These data indicate that a single mutation in either parC or gyrA does not impose a substantial fitness burden. In contrast, the double-mutation parC $79Y and gyrA Qll8K was associated with a slower growth rate. Similar results of relative fitness for single (parC $79Y and gyrA S81F) and double mutations were observed by Gillespie et al. (7).

Development of resistance to fluoroquinolones is a stepwise process, involving spontaneous mutations in the genes encoding the target enzymes DNA gyrase and the topoisomerase IV. Mutants with mutations in 1 of the enzymes are estimated to arise at a frequency of 1 to [10.sup.-7] (1). Therefore, fluoroquinolone resistance due to selection of spontaneous mutants during treatment may be related to the number of bacterial cells in the population under selective pressure. Patients with COPD are frequently colonized by high bacterial loads. COPD has been identified in several recent studies as an independent risk factor for fluoroquinolone resistance (8,9). Low doses of fluoroquinolones may also lead to an increased risk for resistance selection (10). Because the Q118K mutation has not been previously described, this new mutation was probably selected by the current or antecedent treatments rather than by an infection with a resistant widely disseminated clone.

References

(1.) Gillespie SH, Voelker LL, Ambler JE, Traini C, Dickens A. Fluoroquinolone resistance in Streptococcus pneumoniae: evidence that gyrA mutations arise at a lower rate and that mutation in gyrA or parC predisposes to further mutation. Microb Drug Resist. 2003;9:17-24.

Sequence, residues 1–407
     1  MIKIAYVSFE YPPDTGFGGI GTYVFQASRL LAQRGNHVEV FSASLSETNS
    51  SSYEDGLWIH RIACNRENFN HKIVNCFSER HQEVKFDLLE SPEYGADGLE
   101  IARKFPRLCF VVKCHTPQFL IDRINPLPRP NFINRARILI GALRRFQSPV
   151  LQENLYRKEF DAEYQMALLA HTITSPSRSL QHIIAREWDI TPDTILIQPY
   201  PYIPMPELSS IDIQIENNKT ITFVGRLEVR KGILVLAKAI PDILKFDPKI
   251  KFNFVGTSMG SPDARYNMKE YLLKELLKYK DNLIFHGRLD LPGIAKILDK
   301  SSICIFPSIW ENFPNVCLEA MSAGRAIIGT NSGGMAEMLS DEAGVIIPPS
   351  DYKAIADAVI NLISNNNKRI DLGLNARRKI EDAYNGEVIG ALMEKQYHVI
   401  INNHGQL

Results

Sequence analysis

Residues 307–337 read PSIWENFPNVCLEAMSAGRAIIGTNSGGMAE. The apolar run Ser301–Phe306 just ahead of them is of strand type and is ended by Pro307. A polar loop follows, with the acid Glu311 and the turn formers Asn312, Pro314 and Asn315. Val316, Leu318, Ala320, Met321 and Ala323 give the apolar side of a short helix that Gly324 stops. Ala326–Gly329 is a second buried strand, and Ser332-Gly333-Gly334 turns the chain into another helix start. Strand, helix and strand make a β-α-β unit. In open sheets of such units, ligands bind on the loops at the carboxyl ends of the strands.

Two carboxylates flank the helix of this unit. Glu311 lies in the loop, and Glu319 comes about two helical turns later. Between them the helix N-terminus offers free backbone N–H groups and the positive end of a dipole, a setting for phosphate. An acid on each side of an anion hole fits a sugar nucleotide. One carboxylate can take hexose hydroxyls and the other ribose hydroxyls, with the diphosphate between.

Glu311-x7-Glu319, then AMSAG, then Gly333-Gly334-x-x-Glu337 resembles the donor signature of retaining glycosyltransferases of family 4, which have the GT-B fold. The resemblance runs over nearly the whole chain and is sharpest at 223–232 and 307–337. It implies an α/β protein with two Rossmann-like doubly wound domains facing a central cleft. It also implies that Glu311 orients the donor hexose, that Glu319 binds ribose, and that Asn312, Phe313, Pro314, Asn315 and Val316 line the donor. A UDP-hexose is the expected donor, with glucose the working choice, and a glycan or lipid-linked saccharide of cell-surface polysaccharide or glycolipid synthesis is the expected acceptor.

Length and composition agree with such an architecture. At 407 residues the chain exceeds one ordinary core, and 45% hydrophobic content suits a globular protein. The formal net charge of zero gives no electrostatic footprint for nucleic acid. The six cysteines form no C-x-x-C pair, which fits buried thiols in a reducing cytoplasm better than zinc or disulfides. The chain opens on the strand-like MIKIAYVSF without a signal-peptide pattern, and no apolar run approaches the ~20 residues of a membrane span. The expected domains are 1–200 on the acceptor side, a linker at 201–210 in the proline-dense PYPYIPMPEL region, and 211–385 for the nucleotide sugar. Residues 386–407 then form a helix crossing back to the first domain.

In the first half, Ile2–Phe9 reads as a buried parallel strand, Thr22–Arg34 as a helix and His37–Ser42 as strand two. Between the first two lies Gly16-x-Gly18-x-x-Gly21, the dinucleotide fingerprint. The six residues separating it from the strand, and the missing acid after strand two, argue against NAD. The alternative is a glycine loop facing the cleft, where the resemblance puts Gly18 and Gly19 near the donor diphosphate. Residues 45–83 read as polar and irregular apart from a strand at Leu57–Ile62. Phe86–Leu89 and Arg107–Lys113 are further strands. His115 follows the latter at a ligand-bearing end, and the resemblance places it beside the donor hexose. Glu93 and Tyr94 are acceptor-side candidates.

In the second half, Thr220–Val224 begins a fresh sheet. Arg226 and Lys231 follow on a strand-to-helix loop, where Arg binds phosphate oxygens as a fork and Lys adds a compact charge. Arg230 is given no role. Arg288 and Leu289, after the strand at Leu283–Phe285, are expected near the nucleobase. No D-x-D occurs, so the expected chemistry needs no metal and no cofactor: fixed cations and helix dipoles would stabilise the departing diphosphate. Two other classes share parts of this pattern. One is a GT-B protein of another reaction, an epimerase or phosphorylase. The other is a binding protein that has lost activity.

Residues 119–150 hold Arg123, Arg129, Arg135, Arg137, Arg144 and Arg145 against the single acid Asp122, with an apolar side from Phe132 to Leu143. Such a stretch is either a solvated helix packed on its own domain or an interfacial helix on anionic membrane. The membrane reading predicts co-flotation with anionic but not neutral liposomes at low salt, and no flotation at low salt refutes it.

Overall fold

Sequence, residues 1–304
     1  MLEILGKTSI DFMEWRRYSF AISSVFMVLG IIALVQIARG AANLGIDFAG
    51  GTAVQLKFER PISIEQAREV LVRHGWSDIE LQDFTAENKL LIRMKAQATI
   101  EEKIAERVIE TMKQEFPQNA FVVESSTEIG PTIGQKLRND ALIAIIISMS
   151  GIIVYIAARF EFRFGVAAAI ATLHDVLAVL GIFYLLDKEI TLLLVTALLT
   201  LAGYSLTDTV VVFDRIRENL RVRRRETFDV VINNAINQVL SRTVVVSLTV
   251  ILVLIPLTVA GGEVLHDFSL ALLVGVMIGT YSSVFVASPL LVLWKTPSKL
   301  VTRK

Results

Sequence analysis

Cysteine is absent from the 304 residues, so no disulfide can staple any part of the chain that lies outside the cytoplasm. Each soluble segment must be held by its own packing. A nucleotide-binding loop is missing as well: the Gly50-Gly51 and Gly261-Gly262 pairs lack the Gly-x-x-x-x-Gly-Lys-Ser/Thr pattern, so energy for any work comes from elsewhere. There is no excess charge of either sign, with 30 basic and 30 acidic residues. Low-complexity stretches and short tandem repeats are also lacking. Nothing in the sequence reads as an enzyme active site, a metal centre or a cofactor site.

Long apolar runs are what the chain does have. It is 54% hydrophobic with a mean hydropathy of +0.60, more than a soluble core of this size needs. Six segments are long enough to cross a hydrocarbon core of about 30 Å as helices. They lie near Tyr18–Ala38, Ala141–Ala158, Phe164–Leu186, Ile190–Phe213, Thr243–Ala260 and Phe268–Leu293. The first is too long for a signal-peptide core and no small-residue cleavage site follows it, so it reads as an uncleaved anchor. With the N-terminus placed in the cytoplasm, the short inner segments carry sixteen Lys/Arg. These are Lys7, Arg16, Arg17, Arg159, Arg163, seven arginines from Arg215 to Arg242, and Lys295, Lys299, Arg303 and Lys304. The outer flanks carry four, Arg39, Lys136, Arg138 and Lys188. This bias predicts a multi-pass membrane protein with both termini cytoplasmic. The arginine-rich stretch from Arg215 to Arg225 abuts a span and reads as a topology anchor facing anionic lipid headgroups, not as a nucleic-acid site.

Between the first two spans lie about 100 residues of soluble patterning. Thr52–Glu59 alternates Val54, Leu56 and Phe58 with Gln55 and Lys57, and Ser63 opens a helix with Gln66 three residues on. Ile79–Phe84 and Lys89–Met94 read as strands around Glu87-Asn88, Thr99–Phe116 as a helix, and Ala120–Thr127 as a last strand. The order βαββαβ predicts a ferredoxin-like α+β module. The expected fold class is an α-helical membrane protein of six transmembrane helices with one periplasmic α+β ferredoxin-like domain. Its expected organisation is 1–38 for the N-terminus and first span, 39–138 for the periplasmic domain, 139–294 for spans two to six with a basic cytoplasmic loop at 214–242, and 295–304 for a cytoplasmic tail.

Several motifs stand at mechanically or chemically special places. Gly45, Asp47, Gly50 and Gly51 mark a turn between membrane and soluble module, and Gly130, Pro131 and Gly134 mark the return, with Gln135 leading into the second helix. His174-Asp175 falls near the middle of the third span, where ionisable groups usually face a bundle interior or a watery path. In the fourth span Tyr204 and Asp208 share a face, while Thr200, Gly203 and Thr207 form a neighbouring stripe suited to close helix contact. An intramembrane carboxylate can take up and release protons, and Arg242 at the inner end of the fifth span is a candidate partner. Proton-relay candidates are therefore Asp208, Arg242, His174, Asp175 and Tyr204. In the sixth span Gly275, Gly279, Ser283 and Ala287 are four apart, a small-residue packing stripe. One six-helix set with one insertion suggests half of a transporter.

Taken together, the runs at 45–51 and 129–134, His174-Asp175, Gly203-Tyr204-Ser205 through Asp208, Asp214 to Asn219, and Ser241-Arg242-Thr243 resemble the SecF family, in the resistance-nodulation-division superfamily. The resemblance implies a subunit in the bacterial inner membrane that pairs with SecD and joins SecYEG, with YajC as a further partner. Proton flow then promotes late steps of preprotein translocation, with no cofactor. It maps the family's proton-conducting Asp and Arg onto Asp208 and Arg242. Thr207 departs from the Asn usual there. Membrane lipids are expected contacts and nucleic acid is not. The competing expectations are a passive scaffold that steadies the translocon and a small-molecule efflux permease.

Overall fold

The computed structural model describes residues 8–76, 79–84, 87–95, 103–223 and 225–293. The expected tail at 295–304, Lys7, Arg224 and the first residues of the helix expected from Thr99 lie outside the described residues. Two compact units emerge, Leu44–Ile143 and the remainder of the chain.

(2.) Pan XS, Ambler J, Mehtar S, Fisher LM. Involvement of topoisomerase IV and DNA gyrase as ciprofloxacin targets in Streptococcus pneumoniae. Antimicrob Agents Chemother. 1996;40:2321-6.

(3.) Korzheva N, Davies TA, Goldschmidt R. Novel Ser79Leu and Ser81Ile substitutions in the quinolone resistance-determining regions of ParC topoisomerase IV and GyrA DNA gyrase subunits from recent fluoroquinolone-resistant Streptococcus pneumoniae clinical isolates. Antimicrob Agents Chemother. 2005;49:2479-86.

(4.) Weigel LM, Anderson G J, Facklam RR, Tenover FC. Genetic analyses of mutations contributing to fluoroquinolone resistance in clinical isolates of Streptococcus pneumoniae. Antimicrob Agents Chemother. 2001;45:3517-23.